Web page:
By Patience Loum
The Coronavirus Pandemic has had a significant impact on the Gambia’s Economy, 2020 has been a challenging year for many business sectors. Given the relentless return of the deadly Coronavirus Pandemic, 2021 seems to be no different with horticultural women disproportionately affected.
According to the International Fund for Agricultural Development, over 60 per cent of Gambians depend on farming for their livelihood. Farmers and agricultural workers, especially women and young people depend mainly on agriculture for economic prosperity.
Here in the Gambia, with women as major contributors to agriculture and horticultural production; they play a key role in the sustenance of their households. Their role goes beyond just agriculture but environmental management as well. However, the impact of covid-19 has not spared these women especially those in the coastal town of Bakau in the Kanifing Municipality.
Speaking to Fatou Jammeh, a small scale horticultural producer in Bakau, she explains some of the challenges she faces during the covid-19. According to her, other women have been grappling with similar challenges since covid-19 was first recorded in The Gambia in March 2020.
“Things have been really challenging with us. Before the coming up of covid-19, middle-women would usually call and visit our gardens and buy our produce and take them for marketing. But now, things are no longer the same.”
“Now the situation is the opposite. Most of the time it’s us who would take our produce to them and of course the way things are, we usually come back without our produce sold; which has become a huge loss for us,” she said.
“This is a difficult situation that we are facing because we depend on this for our livelihoods.”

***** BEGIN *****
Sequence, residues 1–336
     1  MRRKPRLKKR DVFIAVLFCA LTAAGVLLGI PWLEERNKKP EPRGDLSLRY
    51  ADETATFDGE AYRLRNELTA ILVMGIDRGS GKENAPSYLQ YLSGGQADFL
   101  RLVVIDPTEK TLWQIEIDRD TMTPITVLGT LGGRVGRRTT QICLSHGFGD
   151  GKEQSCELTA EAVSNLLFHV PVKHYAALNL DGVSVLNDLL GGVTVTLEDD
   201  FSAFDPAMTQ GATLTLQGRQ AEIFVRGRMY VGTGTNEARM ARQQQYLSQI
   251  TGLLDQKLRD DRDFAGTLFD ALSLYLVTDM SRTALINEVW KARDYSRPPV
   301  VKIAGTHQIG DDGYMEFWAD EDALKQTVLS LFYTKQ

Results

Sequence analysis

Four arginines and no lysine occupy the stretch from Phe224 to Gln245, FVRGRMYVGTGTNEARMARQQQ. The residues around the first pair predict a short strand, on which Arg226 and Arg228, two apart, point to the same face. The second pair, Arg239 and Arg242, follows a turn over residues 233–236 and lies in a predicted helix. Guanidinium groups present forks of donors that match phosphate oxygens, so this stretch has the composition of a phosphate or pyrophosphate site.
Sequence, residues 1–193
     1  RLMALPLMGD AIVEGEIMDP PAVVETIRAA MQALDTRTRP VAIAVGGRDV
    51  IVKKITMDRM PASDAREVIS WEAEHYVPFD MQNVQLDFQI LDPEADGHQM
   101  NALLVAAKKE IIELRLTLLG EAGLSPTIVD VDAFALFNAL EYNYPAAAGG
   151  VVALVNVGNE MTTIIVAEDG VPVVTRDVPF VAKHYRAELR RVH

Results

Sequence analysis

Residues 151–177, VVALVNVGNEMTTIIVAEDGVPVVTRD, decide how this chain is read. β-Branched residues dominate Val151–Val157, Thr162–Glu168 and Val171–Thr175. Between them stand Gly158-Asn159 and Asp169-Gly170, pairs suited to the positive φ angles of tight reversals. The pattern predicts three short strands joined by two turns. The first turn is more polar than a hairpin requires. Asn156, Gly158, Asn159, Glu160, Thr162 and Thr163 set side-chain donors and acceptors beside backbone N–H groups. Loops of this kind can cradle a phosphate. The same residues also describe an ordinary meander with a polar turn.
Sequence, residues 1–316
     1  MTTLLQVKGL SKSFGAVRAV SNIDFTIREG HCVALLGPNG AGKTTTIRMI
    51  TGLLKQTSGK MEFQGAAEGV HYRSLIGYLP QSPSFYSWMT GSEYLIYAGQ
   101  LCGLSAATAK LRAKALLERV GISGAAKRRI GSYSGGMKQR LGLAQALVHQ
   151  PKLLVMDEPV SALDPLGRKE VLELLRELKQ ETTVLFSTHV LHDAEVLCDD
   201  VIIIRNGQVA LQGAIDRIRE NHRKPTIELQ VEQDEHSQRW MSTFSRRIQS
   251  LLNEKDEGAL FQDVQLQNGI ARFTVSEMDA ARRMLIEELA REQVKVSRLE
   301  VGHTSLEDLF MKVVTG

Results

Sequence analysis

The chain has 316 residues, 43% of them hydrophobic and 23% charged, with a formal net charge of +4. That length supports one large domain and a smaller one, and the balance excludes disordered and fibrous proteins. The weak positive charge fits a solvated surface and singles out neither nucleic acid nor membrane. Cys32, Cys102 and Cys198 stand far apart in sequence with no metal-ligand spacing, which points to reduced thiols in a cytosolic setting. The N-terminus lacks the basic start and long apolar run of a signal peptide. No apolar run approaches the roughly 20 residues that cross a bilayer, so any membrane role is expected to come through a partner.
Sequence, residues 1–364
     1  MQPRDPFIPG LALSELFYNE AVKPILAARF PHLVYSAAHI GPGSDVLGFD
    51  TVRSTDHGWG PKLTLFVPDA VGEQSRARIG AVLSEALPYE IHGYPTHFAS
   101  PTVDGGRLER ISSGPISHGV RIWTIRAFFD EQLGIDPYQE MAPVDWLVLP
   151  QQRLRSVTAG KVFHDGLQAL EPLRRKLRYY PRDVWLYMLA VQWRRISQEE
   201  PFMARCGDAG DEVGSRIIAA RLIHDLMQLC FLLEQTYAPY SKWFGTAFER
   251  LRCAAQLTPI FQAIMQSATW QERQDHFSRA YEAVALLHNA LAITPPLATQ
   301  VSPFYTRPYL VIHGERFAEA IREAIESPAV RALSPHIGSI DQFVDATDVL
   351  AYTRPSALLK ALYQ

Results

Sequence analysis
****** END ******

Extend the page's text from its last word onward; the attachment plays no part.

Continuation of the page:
Fatou explained that on top of all that, a lack of pesticides has also been a big challenge for her and her colleagues. According to her, this has greatly affected the growth of their vegetables.
Another challenge we are facing is lack of water for our crops, the women said.
“Before we had contributors from Mali and Senegal who’ll contribute to building us wells in the gardens that we can use to water our crops and vegetables but that’s no longer the case. They’ve been asked not to help us anymore by these community leaders and as a result of that, we are facing so many troubles with our produce.”
According to the FAO, an estimated 23% of the Gambia’s total arable land (117,329 hectares) is suitable for horticulture but less than 3% (3,519.9 hectares) is currently cultivated.
However, Mariama Barrow, another horticultural producer, the issue of land has been another challenge as they don’t have anywhere else to do their gardening.
“We’ve been asked by the community leader also known as Alkalos in the Gambia to move out of our current spot as the land has already been sold.”
She added that the Alkalo said if they don’t move out anytime soon they’ll be thrown out.